Moonlight Review – A Masterpiece

Of all the films I’ve seen this year, Moonlight is hands down the best.  It is a stunning piece of art that deserves all of the praise and awards coming its way.  Without hyperbole, Moonlight is a phenomenal film that deserves everyone’s attention.

I went into this film cold, only knowing that it was a story about a kid growing up in Miami who is gay and that the film takes place over multiple points in his life.  I had never seen a trailer for the film and I honestly thought that Mahershala Ali (who gives a commanding and nuanced performance) played the older version of the lead character, only proven to be completely wrong in the film’s opening scene.  Having now seen the trailers, I’m happy I went in cold (the trailers are, btw, great and don’t spoil the overall story).  The film’s surprises and character beats felt natural and honest and surprising in the theater, and if I had seen the trailers beforehand, I would have not been spoiled, but would have understood where the story may lead.  Moonlight is such an intimate portrayal of one’s struggle with identity and true self that it was extremely satisfying watching this film with little knowledge and no preconceived notions of where the story and characters were going to take me.  I need to do this more often, because not watching trailers and seeing a brilliant film is so, so rewarding.

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That intimacy is the film’s greatest strength.  As incredible as the performances are, as stunning a soundtrack the film has, as achingly beautiful the cinematography is, the portrait of this young man, Chiron, growing up in Miami, struggling with who he is and his masculinity and sexuality, is the most fascinating.  As it should be, since it is the driving force and main theme of the film.  What it means to be true to oneself and how one accepts and embraces that truth is Chiron’s struggle throughout the three acts.  This film could so easily devolve into melodrama and lose its nuance and subtlety with its main theme, but it doesn’t.  The director, Barry Jenkins, has such control over the characters and tempo and tone that the film never feels false.  It remains solely focused on Chiron and the characters who, both positively and negatively, affect his life and his search for identity.

Some people are comparing this film to Precious or Boyhood, and while there are similarities, Moonlight is the stronger film.  Both Precious and Boyhood are solid, but Moonlight captures such an essence of humanity that is hard to describe, but is incredibly palpable.  Boyhood was at times melodramatic and forced certain scenes to give conflict.  Precious felt self-indulgent and seemed at times proud of the misery and the sorrow it displayed.  Yes Moonlight shows the negative effects of growing up in the projects, the horror of drug addiction, the lose of innocence, bullying, abuse, loneliness, and sadness.  But it smartly never revels in that pain.  It presents it as fact, as a way to develop the characters, as a way to add motivation.  Every scene, every moment builds upon the last.  It is never melodramatic and it is never self-indulgent.  Each act of the tryptich, the first of Chiron as a child, the second of Chiron in high schoool, and the unbelievably amazing final act of Chiron as an adult, presents the same character and his fears, his sadness, his confusion, his identity in the same light: with intimacy and empathy.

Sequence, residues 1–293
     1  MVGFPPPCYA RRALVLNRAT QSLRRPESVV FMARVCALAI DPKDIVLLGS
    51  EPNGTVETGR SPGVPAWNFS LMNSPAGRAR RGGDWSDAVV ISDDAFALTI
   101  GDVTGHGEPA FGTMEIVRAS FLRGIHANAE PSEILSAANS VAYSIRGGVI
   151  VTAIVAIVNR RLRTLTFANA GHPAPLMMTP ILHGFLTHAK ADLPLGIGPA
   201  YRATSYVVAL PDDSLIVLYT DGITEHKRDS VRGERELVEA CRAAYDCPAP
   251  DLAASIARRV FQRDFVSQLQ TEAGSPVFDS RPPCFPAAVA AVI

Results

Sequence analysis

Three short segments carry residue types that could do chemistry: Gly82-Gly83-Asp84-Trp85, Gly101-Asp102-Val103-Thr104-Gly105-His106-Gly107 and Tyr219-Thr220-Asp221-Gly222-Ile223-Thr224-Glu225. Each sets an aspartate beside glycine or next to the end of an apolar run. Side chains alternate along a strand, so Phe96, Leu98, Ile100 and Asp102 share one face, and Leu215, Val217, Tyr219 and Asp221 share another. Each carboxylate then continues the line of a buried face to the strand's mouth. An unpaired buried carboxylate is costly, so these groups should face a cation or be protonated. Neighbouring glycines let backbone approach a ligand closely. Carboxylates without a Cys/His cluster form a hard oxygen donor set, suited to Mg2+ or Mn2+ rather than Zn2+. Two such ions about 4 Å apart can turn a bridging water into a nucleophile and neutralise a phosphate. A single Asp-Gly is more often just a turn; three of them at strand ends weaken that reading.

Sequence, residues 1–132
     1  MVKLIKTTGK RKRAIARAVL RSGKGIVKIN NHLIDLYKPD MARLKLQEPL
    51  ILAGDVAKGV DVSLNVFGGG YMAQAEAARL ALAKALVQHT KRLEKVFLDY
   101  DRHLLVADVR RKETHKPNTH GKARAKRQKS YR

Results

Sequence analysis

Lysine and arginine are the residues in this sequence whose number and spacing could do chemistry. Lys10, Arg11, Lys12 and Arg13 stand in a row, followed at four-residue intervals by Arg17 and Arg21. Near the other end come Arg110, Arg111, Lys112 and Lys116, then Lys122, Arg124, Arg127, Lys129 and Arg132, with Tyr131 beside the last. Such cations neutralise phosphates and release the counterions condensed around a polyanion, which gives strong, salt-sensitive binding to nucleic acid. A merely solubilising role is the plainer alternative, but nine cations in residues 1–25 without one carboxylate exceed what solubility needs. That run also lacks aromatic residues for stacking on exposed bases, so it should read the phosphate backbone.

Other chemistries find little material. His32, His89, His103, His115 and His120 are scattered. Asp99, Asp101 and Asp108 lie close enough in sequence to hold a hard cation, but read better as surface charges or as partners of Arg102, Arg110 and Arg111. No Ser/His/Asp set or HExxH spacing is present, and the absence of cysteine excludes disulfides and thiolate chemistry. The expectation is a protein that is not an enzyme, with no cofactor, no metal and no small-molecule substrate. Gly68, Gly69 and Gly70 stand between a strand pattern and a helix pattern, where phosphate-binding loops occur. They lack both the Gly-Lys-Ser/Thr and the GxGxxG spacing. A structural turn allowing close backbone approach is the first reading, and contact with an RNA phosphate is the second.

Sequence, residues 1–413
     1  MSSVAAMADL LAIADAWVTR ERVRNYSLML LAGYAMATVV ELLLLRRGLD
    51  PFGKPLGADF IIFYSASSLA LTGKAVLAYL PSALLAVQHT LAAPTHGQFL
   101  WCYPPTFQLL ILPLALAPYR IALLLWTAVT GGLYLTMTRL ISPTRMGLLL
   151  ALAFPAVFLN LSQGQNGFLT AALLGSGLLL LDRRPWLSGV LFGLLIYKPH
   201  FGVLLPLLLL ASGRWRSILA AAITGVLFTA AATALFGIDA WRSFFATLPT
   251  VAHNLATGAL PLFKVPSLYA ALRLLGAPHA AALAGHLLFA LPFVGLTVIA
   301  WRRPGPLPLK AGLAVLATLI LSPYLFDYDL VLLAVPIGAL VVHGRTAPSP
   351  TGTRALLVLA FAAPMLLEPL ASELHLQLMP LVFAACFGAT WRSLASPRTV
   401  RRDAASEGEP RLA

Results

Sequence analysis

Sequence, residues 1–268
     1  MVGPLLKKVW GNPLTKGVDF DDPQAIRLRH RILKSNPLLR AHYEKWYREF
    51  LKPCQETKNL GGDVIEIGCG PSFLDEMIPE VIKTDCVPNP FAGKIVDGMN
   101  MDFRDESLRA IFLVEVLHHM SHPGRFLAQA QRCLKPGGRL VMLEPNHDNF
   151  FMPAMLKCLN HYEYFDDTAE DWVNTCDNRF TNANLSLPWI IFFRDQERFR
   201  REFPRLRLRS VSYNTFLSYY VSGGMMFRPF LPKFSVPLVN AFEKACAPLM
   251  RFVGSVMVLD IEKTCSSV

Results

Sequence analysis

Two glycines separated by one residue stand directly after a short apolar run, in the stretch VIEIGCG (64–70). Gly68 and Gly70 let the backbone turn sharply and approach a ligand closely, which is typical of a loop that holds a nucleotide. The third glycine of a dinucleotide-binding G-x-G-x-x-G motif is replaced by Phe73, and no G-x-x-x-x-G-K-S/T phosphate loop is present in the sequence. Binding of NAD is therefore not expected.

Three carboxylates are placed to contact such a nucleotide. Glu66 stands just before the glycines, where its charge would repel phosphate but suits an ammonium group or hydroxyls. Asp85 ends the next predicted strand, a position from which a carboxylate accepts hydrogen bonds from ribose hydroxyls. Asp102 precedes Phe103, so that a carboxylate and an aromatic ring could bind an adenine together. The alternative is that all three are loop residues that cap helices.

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This film generates such empathy from the audience for its characters (minor spoilers for the rest of this paragraph).   Mahershala Ali is Juan, a drug dealer who befriends the young Chiron.  He is a drug dealer with a heart of gold, but he never feels evil nor is he a saint.  He is complex and encapsulates great qualities of being a man, while also being one who is eternally flawed in his actions and ways of life.  Naomi Harris is Chiron’s mother, who loves and cares for her son and wants to see him safe, but has her own demons and addictions that harm and scar Chiron.  Chiron’s childhood friend Kevin, whom we see throughout the film, cares for his friend, but also has to abide by the schoolyard rules and can’t fight Chiron’s bullies out self-preservation.  Chiron is sweet and timid and shy, a good boy trying to live unnoticed, but is constantly swept up into this world of pain.  But that world of pain is just part of his life, and does not ultimately define him.  Each of these characters and the other many supporting characters are all complex humans with real emotions and real personalities.

Moonlight is a special film that is beautifully realized by its writing and direction with astounding performances by everyone in the cast.  I cannot think of one scene that fell flat or felt weak.  I was floored several times by what I witnessed in this film.  Two scenes will forever stay with me.  One involves the young Chiron (Alex R. Hibbert) asking Juan (Mahershala Ali) about what Juan does and asks him to define a particularly awful word.  The second involves the adult Chiron (Trevante Rhodes) in a kitchen having a conversation with someone special.  Both of those scenes fully capture the beauty and the sorrow and the joy in this film.  I was in awe of the film and the performances and the writing in these two scenes.  They were the standouts in a film that already stands out from so many other films.  This movie has sad moments, but it is ultimately a hopeful film, one that made me feel love and compassion for its characters.  Moonlight is a truly moving film that demands to be seen.

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